What is an Agile Workspace and How it Works?


12 min read

What is an Agile Workspace and How it Works?

Agile workflow has been dominant over the last decades, as it proved to be an efficient method to work with large-scale projects, dynamic industries (such as AI, app development, etc.), and ever-changing requirements. And as in life where one thing leads to another – another term was flipped – Agile workspace.

1. The Agile Work Environment

The Agile project management methodology is used successfully in many, many fields of business today and is particularly popular in the area of software and web development. There are many different Agile-based methods, including the well-known Scrum, Kanban, and Extreme Programming. They are proven to be efficient and produce results, and this is achieved with a great deal of flexibility. The teams working on selected tasks in the project are empowered in both the planning and delivery stages and are given all the tools and conditions to be able to meet these demands.

These tools and conditions, therefore, must include the working environment. This is not only a physical space for work but also the way that space is designed and organized to enhance the working experience and also the Agile working philosophy.

The Agile method is inherently flexible and open to change, and to meet these demands the workspace should be planned around this central idea. The space can be managed to suit the activity, not the activity to suit the space. Agile is also highly visible, team members know and are in tune with what is happening around them and in the project in general, so this has to be considered.

It must also be taken into account that Agile methodology is entirely suitable for the ever-increasing remote work. However, the work environment is important here, too. It is important to have an organized, visible well-structured online space for communication and collaboration to take place.

2. The Benefits of Agile Working and the Environment to Help


Agile offers freedom for employees. The current activity or task dictates the team, the group, the organization of the work, and even the location. With Agile, it is necessary for the work environment to adapt to the team and individual needs. The Agile workspace needs to be arranged to accommodate this changing nature from one project to the next or one task to the next. This could involve providing space for the movement of desks or rooms for meetings.

Employee Satisfaction

Everyone wants employees to be happy at work. There are practical reasons as well as your morals. Increased worker satisfaction equates to higher productivity and longer job retention. Thus, it drives more revenue and saves money on recruitment, training, admin, etc. Creating a space where the employees feel they have control, a degree of independence and the opportunity to use their skills to their full potential is vital. It is also important as we will see to create spaces where the team member can interact on a more social basis, again fostering a team spirit.

Communication and collaboration

Agile is very much about a cross-departmental integrated culture. People working together, utilizing their own specialisms and skill for the success of the whole project.  The highly visual nature of a typical Agile workspace allows this collaboration and communication to be really effective. We are talking about shared spaces but also visible progress boards and visual tasks.


Agile does not have the traditional management hierarchy, although in some forms of Agile there are defined roles. This means that Agile is more transparent in planning and decision-making.  The working environment should reflect this. No enclosed meeting spaces, lots of movement and light, no management-only spaces. The environment helps create a single-minded, focused team all facing the same way.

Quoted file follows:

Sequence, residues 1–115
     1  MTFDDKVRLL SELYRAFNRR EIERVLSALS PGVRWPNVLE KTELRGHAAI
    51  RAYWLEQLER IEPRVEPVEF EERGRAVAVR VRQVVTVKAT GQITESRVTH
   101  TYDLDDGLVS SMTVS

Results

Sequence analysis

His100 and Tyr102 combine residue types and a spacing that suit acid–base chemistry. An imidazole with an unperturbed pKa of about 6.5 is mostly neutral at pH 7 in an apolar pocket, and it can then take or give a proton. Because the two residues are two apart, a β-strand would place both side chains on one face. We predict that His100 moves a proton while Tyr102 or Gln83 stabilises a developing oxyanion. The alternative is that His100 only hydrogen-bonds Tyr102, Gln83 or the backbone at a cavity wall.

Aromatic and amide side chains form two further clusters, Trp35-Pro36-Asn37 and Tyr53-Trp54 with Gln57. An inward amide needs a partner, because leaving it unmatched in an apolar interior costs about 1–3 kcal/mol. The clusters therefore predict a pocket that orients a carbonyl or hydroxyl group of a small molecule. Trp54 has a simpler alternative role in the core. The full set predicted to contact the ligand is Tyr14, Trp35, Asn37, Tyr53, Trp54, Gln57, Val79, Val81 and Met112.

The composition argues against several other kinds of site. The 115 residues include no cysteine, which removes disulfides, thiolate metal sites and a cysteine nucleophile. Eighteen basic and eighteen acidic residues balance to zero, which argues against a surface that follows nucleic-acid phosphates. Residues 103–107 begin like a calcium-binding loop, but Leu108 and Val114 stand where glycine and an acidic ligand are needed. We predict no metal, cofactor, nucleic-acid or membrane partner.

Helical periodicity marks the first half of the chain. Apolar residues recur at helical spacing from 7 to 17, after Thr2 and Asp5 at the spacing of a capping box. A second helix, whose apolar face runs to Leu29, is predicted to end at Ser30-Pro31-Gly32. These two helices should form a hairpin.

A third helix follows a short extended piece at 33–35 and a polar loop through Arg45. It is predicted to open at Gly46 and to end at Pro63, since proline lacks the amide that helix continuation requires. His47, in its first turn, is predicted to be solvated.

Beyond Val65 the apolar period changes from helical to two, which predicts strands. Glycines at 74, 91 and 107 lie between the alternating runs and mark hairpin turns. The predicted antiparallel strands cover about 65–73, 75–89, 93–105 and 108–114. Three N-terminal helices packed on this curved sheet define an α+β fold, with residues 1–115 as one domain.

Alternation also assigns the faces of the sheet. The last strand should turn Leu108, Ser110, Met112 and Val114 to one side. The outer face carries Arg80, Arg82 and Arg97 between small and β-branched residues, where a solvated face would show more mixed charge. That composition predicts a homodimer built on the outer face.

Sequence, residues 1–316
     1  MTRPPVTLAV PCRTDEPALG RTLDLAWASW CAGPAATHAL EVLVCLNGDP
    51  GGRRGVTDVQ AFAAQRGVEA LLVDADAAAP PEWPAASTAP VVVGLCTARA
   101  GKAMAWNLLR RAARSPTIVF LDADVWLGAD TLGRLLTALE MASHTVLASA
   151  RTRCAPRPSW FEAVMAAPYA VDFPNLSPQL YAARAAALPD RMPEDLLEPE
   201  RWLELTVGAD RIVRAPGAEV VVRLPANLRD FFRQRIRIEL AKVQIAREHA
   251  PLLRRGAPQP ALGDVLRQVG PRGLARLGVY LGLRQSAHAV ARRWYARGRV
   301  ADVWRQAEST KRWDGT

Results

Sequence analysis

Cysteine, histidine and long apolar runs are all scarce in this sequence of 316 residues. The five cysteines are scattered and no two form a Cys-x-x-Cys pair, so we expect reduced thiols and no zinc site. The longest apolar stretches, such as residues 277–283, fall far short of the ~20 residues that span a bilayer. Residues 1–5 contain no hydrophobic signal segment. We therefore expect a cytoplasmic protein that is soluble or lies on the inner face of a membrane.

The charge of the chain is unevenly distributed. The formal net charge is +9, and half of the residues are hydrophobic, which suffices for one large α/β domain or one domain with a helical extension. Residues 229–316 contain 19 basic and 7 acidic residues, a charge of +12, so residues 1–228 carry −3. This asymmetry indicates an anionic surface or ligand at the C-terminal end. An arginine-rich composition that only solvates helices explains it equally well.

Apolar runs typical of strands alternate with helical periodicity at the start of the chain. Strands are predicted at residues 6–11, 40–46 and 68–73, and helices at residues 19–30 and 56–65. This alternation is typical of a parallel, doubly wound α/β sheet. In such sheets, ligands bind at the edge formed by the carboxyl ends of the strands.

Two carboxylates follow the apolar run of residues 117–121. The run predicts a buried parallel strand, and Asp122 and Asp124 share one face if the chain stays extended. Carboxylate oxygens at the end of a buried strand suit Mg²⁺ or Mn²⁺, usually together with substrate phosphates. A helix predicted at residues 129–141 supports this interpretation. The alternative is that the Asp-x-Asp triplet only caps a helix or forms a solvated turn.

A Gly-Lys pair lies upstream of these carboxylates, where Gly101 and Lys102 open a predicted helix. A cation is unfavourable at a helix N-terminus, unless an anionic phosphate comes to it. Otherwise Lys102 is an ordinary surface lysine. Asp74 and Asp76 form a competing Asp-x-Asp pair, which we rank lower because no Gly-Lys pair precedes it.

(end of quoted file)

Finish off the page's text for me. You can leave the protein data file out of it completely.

Agile is a dynamic, fast-moving methodology. It is often seen as a breakaway from traditional values(even though it’s been around for quite some time). The workspace needs to help generate this energy and make this a good, pleasant, fun place to work. It should appeal to potential new employees, as well as make the present staff feel passionate about the place they work and the company they are working for. Apple and Google are fine examples of how office space can build a company culture.


The flexibility of Agile, alongside the new ways of adapting the work methods to new situations, can mean that you actually need less space in a building or office than before. This is because you can use the more flexible spaces in a variety of ways, within minor adjustments, so there is no wasted space. Consequently, a business will save on overheads such as utilities and maintenance, and even rent.

3. Key Features Of An Agile Work Environment

The main point of an Agile workspace is to make the Agile work methodology more efficient and productive. For these reasons, the workspace needs to allow for quick and easy communication and collaboration and be flexible, yet well structured.
Typical fundamental principles that combine to make the workspace agile are relatively obvious:

Allow for Access

Agile is based on accessible workflow, and this needs to be matched by the workspace. Open spaces to allow a physical flow from one area to another, minimum walls and barriers that separate all encourage a more dynamic, flowing environment.


Comfort in the workplace helps the workers relax, not just on breaks but actually during the working processes. This involves the furniture and decor but also things like temperature, customization, and branding. They all go hand in hand to increase the feeling of home.

Peace and Quiet

Much as there is an obvious emphasis on movement, flow, openness, and collaboration, there does have to be space provided for focused, private, quiet work. There is a time when workers need to work without interruptions and without background noise or murmur. It is vital that within these work environments, there is designated space for this kind of work. It is equally important to designate spaces for private meetings or communications.

Flexibility and Adaptability

Spaces, in general, are much more adaptable now. Technological innovations such as Wi-Fi and Smart Tech have added an extra layer of flexibility. Although this may not be enough,  it certainly helps. We have to also consider how easy it is to adapt spaces for size or different types of tasks. How warm is the light? Are all spaces equally comfortable and accessible, or at least can be made so? Is the furniture and furnishing moveable without a team of fitters coming in every few weeks?

None of these aspects are in themselves difficult to achieve, but the key is to design the whole space with Agile in mind.  A cross-functioning workspace.

4. What You Need in an Agile Working Environment

1. Collaboration and Collaboration Spaces